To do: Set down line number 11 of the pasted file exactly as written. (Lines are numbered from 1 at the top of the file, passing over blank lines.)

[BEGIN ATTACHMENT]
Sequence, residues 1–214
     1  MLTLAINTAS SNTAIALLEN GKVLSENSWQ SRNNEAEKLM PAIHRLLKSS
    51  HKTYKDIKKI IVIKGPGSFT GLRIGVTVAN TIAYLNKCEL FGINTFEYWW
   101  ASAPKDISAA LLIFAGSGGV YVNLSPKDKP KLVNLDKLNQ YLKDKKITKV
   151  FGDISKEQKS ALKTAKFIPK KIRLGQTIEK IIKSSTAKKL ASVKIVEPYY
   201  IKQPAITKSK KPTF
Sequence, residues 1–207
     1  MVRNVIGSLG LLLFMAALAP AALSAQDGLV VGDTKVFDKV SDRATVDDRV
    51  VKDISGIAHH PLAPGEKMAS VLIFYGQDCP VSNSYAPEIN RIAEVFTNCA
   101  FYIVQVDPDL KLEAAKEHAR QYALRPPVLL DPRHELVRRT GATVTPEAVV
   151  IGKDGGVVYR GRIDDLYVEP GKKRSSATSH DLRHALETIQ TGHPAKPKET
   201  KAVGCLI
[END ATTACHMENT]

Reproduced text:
   151  IGKDGGVVYR GRIDDLYVEP GKKRSSATSH DLRHALETIQ TGHPAKPKET